Sunday, 18 October 2015

Darwin Cooke paints Bond

James Bond homage painted by Darwin Cooke. A print is available here.

6 comments:

teeritz said...

I love his work. His "Parker" series is beautiful. Thanks for the heads-up!

Anonymous said...

Excellent work, Mr. Cooke!

Simon said...

Must admit - I don't 'get' that.

Where is the front of the car?

David Morefield said...

Cooke's a genius, but I agree with Simon this isn't working for me. I don't know what kind of car that's supposed to be...it doesn't look like the DBV...but whatever it is it should have a front end. Also no idea on the location?

Looks to me like a Photoshop manip, and not a great one. That said, I'd love to see Cooke draw Bond in his signature style. If they'd let him adapt the Fleming novels like he's done the "Parker" series, I'd be over the moon!

teeritz said...

The photo that this artwork is based on doesn't shown the front of the car, based an the angle it was do taken from. Google "Sean Connery Aston Martin" and the original photo should show up. It's a pretty famous image, taken in the Swiss Alps when Bond is driving to Goldfinger's factory.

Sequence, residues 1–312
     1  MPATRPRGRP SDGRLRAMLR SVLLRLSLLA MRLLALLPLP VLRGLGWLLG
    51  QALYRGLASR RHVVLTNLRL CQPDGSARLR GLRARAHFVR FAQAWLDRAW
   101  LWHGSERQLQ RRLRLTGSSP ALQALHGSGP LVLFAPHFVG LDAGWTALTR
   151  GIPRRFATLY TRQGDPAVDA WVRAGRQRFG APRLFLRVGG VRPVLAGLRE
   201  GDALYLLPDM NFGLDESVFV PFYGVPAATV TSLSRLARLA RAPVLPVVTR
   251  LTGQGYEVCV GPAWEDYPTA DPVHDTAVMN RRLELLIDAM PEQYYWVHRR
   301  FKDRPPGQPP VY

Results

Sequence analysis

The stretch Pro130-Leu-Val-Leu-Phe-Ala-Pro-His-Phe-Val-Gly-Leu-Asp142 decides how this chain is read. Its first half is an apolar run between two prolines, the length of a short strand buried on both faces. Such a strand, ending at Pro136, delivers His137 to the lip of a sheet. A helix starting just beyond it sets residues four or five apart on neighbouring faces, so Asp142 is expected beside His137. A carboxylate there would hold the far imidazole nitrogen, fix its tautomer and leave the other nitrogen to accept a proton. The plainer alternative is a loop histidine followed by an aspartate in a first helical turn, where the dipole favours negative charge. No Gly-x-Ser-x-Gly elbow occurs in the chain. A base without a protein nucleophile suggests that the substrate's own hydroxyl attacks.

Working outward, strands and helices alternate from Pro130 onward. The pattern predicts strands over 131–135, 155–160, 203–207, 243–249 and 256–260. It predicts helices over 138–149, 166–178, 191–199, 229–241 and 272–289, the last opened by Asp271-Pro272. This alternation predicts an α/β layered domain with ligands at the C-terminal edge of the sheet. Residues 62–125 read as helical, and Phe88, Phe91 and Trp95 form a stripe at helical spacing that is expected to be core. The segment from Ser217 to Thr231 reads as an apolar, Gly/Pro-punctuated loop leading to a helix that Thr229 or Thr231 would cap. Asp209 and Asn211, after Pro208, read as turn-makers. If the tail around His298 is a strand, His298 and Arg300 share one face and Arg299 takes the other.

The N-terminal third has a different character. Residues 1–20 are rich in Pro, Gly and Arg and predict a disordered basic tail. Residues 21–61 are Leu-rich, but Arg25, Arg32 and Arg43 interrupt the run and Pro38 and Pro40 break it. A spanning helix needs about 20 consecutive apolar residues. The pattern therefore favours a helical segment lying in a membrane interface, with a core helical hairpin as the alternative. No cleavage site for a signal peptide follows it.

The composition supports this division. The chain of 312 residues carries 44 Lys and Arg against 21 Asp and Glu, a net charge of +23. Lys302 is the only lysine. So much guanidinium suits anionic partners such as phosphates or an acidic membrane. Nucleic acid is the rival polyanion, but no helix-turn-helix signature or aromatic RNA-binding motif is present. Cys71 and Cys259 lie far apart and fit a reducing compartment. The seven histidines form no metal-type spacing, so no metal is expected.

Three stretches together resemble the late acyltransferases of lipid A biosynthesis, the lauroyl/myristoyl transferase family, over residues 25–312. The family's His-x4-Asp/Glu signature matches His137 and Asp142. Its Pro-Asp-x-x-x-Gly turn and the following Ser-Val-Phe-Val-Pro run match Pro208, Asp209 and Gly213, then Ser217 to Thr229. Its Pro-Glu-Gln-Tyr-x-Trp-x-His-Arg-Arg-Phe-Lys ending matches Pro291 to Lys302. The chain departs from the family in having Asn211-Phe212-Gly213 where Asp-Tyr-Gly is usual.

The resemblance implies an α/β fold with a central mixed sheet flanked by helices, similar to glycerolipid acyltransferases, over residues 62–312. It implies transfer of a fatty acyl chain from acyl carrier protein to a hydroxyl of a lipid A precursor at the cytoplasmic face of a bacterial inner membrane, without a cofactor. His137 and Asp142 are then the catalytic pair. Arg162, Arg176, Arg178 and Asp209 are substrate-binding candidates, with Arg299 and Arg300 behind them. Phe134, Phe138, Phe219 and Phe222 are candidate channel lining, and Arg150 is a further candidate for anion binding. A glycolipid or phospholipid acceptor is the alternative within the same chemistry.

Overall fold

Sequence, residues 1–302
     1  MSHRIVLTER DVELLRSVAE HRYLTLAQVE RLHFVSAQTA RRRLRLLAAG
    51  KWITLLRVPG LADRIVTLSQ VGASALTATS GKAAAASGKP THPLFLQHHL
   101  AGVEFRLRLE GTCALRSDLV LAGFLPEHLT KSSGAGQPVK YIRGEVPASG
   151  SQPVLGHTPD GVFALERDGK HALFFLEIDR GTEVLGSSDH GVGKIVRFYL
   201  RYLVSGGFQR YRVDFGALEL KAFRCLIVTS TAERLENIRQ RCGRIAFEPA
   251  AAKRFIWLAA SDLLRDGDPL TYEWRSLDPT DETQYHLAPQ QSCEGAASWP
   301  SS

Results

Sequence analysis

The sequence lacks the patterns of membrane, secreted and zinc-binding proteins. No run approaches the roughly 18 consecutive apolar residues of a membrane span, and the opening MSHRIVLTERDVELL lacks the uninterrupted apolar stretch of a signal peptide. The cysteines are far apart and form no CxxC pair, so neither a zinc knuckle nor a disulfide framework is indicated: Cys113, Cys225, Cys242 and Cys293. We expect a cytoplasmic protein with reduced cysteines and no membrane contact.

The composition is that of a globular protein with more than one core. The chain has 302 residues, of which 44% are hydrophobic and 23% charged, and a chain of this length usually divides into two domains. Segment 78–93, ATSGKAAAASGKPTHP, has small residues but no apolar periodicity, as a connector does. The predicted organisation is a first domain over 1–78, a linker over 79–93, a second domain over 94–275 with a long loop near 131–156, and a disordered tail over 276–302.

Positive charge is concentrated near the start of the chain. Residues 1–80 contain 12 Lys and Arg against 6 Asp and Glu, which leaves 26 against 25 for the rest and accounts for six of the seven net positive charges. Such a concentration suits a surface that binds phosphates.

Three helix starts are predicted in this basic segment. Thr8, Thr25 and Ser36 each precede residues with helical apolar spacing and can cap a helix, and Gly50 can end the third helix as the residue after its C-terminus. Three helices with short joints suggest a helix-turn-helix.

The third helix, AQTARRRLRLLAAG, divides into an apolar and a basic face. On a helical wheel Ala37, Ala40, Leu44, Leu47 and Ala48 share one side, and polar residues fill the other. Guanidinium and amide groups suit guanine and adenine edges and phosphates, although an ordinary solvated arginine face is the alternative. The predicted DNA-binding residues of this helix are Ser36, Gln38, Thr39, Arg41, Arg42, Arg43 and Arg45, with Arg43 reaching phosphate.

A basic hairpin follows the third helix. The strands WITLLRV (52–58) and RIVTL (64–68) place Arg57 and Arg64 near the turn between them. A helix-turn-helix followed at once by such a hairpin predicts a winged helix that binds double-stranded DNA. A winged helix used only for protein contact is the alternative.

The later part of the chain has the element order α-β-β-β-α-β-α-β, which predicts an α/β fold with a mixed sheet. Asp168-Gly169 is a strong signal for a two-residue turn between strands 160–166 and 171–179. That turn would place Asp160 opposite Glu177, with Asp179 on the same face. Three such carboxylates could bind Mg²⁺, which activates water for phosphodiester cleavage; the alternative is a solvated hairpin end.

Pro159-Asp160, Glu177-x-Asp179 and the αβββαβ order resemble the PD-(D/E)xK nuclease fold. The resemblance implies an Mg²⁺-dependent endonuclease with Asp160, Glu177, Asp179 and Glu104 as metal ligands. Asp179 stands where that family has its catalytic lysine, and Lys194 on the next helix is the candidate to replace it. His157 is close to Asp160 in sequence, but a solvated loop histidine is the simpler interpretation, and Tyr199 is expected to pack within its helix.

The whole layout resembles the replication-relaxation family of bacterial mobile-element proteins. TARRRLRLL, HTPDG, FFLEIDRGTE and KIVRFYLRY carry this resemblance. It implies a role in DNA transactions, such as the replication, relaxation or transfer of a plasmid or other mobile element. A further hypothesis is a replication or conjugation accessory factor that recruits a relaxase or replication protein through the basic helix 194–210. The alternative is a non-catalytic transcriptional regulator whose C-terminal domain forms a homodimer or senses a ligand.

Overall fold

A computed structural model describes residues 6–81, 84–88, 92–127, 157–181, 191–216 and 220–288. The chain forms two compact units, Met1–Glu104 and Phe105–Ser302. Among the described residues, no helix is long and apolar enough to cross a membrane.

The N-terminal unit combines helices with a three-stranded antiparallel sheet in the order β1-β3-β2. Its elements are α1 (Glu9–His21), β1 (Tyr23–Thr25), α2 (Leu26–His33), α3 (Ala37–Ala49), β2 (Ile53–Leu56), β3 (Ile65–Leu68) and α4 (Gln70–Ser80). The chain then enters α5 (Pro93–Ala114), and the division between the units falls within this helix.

David Morefield said...

I'm familiar with the photo (it's a favorite), but Cooke's changed the angle of the car and altered (or botched) other details so it doesn't resemble the DBV. Yes, the nose is obscured by Connery even in the original, but here he's closer to the windshield, which means the hood has to be shorter. Also note the increased height of the roof (which almost seems to slope upwards toward the rear) and the altered angle of the car body, as suggested by the slope of the wheel well. What we have here is a shorter car with a higher roof. If anything, it looks like a MIni Cooper.

For a while I wondered if Cooke was trying to change the film car into a DB3, to match Fleming's novel. I still haven't made up my mind.

Happy if it works for some folks, but again I'd have preferred an original take on 007 in Cooke's usual art style. If want this image, I've got my copy of the photo. And it's "accurate" by definition. :-)